I would hesitate to call any of them beautiful or even ruggedly handsome—scarey seems a more appropriate adjective. After reading that snapping turtles are omnivores, I have reconfirmed my desire to keep my distance from these creatures. Thankfully, I have a long telephoto lens.

snapping_blogsnapping2_blog

Michael Q. Powell. All rights reserved

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A warm day this past weekend brought out the turtles in my local marsh, who lined up on logs to bask in the sun. On some logs as many as a dozen turtles of all sizes were crowded together, but somehow this big Red-eared Slider turtle (Trachemys scripta elegans) managed to get a log all to himself.

In the first photo, he seemed a little annoyed when the sun disappeared behind the clouds, but he quickly resumed his zen-like pose in the second shot, when the sun reappeared.

turtle2_blogturtle1_blog

Michael Q. Powell. All rights reserved

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Yesterday I decided to take some close-up shots of some of the turtles sunning themselves at my local marsh.

I am pretty sure that the first one is a painted turtle, but I am not sure if the turtle in the second photo is a different species. I was intrigued by the contrast between the clean, bright colors of the first turtle and the muddy, muted colors of the second one. The turtles were pretty cooperative and let me get close enough to fill the frame of my camera.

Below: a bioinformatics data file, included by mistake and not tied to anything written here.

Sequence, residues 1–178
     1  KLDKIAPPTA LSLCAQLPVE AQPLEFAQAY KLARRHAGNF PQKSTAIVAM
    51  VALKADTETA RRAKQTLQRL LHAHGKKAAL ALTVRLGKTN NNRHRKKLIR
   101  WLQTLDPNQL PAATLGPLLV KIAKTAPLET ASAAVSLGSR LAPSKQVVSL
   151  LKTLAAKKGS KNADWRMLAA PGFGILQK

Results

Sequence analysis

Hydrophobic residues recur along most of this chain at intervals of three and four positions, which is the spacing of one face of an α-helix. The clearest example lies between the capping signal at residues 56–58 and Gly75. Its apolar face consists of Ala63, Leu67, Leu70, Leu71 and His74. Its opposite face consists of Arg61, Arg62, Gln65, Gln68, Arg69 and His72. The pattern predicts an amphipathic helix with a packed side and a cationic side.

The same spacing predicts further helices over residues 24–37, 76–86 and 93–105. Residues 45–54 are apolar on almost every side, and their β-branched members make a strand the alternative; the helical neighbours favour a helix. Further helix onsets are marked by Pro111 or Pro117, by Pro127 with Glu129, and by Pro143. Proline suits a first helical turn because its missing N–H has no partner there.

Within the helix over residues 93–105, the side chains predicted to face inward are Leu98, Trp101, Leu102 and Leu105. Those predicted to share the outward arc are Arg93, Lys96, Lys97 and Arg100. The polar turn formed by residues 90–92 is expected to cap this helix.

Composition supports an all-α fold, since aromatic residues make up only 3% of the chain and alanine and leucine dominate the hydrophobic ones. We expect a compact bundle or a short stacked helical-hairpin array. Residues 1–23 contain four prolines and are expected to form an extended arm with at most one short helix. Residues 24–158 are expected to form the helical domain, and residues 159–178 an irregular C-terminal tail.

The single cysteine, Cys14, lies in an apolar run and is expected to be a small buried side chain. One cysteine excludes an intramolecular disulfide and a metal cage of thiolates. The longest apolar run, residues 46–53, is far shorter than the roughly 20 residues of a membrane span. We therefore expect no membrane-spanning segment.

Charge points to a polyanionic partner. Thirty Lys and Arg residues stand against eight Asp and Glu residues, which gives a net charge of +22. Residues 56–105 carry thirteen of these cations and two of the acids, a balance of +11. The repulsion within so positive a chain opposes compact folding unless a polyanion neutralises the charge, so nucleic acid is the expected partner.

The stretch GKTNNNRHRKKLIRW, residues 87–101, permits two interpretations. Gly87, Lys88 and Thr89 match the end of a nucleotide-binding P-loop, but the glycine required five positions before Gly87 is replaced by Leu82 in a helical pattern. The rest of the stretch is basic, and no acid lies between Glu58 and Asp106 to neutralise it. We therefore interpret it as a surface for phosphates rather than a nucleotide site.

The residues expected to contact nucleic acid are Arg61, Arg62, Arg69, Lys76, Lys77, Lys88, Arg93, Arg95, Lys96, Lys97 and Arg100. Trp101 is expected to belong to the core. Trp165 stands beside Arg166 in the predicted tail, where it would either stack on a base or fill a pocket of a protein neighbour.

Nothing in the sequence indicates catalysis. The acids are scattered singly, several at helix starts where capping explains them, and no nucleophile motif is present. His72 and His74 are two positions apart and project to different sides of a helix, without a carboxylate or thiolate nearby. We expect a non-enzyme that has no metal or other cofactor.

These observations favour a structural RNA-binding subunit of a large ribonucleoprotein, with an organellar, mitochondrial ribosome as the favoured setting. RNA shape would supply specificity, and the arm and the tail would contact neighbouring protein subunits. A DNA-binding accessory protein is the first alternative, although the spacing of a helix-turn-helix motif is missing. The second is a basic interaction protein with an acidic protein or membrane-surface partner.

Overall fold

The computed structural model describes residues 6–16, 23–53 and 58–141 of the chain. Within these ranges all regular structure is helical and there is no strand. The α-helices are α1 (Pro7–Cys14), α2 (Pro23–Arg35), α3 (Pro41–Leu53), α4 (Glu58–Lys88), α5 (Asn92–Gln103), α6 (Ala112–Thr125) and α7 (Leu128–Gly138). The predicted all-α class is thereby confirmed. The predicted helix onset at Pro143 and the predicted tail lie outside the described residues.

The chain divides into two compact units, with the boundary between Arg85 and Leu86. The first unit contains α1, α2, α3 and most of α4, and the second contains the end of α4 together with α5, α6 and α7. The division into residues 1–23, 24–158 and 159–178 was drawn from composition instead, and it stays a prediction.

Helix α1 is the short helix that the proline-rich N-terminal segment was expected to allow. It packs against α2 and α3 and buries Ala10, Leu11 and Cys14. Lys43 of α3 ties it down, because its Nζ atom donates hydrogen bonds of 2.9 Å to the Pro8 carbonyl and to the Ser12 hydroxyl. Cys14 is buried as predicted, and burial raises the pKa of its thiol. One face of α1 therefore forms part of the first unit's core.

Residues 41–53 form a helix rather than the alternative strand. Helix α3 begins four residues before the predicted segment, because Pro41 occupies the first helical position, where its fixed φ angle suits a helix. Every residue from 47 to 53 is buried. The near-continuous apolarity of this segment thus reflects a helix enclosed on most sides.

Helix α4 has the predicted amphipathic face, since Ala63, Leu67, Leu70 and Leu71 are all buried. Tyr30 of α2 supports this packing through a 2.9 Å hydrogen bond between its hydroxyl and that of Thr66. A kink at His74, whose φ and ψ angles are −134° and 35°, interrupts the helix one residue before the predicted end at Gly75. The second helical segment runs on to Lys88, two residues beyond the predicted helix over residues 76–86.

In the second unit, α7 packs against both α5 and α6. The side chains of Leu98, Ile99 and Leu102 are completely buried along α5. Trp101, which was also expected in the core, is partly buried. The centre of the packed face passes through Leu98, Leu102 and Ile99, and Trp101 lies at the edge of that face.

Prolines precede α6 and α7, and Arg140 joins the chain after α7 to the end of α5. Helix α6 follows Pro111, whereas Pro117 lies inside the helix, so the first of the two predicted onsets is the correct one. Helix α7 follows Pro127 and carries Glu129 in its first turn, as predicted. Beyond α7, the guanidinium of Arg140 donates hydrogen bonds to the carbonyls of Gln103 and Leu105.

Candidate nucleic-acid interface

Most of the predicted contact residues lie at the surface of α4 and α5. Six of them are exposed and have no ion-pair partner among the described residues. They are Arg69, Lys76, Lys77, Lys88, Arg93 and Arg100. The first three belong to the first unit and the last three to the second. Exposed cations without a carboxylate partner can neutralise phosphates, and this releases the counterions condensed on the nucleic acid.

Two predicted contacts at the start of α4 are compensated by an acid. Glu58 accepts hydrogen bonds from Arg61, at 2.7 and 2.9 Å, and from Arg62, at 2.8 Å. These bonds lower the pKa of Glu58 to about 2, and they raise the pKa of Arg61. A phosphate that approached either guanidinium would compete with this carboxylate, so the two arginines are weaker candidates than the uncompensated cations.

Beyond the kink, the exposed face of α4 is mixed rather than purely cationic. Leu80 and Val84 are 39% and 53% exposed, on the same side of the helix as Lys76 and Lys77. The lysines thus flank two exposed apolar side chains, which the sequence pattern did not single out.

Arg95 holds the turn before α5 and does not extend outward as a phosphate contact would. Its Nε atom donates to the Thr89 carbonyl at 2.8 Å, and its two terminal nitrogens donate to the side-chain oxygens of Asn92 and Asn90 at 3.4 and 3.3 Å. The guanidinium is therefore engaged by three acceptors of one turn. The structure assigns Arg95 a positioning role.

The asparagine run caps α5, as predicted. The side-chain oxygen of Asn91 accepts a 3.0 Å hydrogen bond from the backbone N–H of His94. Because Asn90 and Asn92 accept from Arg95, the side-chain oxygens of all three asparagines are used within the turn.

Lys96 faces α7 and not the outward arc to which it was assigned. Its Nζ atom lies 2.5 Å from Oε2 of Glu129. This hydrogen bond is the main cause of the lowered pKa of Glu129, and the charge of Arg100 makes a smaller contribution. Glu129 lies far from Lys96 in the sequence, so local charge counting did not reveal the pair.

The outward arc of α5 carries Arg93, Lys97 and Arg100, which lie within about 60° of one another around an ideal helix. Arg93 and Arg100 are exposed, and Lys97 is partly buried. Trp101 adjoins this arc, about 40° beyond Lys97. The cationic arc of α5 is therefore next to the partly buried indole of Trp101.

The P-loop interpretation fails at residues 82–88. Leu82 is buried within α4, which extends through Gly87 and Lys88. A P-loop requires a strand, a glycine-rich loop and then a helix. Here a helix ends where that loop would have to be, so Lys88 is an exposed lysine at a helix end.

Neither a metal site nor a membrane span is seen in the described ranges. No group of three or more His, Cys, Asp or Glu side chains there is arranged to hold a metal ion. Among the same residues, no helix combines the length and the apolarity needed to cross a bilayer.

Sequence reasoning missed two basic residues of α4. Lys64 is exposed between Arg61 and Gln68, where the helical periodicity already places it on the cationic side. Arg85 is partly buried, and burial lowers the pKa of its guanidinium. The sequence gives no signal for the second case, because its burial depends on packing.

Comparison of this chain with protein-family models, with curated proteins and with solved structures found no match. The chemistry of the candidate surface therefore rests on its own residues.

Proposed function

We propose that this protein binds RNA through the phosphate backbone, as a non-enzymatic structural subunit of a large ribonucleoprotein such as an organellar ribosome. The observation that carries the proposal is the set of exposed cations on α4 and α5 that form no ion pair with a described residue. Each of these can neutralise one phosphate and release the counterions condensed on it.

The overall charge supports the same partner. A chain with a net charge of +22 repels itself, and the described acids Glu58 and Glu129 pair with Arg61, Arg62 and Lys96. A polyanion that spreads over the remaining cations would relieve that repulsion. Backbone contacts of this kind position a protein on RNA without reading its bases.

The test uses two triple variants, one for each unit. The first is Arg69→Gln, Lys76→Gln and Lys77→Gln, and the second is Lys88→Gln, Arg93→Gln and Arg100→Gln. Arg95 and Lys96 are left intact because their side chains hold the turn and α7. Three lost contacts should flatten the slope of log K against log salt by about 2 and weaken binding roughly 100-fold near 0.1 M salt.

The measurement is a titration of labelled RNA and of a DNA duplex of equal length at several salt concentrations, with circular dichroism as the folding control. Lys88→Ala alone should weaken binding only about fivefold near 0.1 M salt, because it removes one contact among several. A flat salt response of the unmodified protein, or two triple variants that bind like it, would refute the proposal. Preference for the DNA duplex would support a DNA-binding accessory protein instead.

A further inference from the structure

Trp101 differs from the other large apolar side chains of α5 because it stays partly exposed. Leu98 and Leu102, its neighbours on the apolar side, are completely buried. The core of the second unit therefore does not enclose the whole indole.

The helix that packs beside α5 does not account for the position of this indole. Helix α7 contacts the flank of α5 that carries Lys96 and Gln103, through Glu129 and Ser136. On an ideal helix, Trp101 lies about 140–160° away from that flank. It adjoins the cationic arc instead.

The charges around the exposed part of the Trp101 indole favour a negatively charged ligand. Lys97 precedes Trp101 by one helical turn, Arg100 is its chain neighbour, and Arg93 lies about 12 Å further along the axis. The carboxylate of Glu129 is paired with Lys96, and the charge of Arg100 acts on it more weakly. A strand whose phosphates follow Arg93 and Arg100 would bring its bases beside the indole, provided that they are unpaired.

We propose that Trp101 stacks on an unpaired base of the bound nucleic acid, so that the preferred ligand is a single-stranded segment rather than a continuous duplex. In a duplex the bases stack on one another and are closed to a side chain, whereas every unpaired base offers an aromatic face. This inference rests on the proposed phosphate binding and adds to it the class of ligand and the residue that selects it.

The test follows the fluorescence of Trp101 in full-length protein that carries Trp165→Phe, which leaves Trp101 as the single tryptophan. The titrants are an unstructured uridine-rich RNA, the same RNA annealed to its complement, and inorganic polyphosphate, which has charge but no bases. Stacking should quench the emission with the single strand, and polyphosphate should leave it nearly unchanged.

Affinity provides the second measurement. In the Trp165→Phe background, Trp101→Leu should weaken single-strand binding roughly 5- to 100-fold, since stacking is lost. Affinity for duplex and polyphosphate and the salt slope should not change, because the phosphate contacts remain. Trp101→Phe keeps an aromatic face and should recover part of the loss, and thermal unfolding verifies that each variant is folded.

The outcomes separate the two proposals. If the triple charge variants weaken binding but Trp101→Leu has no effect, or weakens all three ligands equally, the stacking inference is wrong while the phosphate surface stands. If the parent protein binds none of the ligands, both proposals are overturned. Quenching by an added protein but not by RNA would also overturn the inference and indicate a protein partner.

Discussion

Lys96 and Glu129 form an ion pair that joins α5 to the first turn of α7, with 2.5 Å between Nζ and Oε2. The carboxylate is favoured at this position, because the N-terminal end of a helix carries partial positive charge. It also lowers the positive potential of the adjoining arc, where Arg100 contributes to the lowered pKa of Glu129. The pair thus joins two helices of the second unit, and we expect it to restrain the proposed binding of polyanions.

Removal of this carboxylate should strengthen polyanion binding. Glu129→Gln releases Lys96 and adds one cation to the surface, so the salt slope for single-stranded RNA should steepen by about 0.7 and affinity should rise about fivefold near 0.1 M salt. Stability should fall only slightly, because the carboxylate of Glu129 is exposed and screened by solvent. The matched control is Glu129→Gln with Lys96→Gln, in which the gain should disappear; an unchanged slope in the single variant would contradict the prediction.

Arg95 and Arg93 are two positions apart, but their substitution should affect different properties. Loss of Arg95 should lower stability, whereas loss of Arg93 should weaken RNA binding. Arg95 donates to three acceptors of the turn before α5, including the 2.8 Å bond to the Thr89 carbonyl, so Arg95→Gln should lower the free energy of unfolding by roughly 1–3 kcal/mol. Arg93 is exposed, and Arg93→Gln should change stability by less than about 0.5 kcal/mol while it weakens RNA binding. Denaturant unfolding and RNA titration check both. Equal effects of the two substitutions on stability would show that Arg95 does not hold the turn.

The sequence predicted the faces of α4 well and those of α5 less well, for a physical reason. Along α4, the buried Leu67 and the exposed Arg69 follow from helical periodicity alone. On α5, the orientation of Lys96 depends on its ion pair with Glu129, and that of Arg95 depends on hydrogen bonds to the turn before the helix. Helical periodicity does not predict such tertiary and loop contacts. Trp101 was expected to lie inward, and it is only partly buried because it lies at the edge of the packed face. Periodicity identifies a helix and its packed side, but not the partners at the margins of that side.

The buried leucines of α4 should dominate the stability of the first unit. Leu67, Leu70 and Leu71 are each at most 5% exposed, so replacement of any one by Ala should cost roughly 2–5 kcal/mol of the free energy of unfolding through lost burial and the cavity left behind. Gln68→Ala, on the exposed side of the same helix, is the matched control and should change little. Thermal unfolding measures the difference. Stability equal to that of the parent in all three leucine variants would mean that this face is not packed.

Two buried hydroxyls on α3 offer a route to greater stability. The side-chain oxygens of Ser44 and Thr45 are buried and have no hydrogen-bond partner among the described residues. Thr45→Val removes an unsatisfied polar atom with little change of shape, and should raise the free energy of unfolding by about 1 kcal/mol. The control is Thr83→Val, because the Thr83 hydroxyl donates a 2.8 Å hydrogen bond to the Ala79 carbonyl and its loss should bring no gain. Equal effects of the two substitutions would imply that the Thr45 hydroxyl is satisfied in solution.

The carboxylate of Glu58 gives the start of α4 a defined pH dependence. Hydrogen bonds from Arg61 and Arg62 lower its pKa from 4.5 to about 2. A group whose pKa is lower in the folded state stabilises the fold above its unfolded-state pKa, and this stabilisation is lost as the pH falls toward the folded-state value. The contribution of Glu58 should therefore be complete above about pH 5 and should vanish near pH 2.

It’s not quite warm enough for humans to be sunbathing, but now that spring is officially here, it won’t be long.

turtle1_blogturtle2_blog

Michael Q. Powell. All rights reserved

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Most of the turtles that I have seen on recent sunny days have climbed out of the water entirely to bask in the sun, but this Eastern Painted Turtle (Chrysemys picta picta) seems to have taken a more tentative approach.

Although he seems poised for a quick reentry into the water, he seemed undisturbed when I approached him to take this photo. The angle of the photo provides a view of the turtle’s torso that I rarely see, and as you can probably tell, I got down pretty low to get the shot.

 I was surprised by the amount of red on his body and the length of his claws. When I saw the claws, I decided not to go for an extreme close-up shot. I can only imagine the newspaper headline, “Wildlife photographer mauled by killer turtle.”

turtle1_blog

© Michael Q. Powell. All rights reserved

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The weather yesterday was so nice that turtles emerged from the mud for the first time in months to bask on logs and enjoy the warmth of the sun.

My understanding is that the turtles have been spending the cold winter months buried in the mud with their metabolism slowed way down. I would call this state “hibernation,” although there apparently is some argument in the scientific community about whether that term should be reserved for mammals and the term “brumation” used for reptiles, because the physiological processes are different. Whatever you call it, reptiles can move in and out of this state and seem to have moved out of it to soak up some sum.

The turtle in this photo looks like he has not had a lot of time to clean off the mud that fills all of the creases and crevices in his body and shell. He almost looks like he is smiling and he is definitely alert.

Most of the turtles that I have photographed previously at my marshland park have been Red-eared Sliders, but I can’t tell if this one is a member of that species or is a different type. I did note that there is a semi-circular pies missing from both the left and right front areas of the shell. Has something been gnawing on the shell? What would have caused the damage?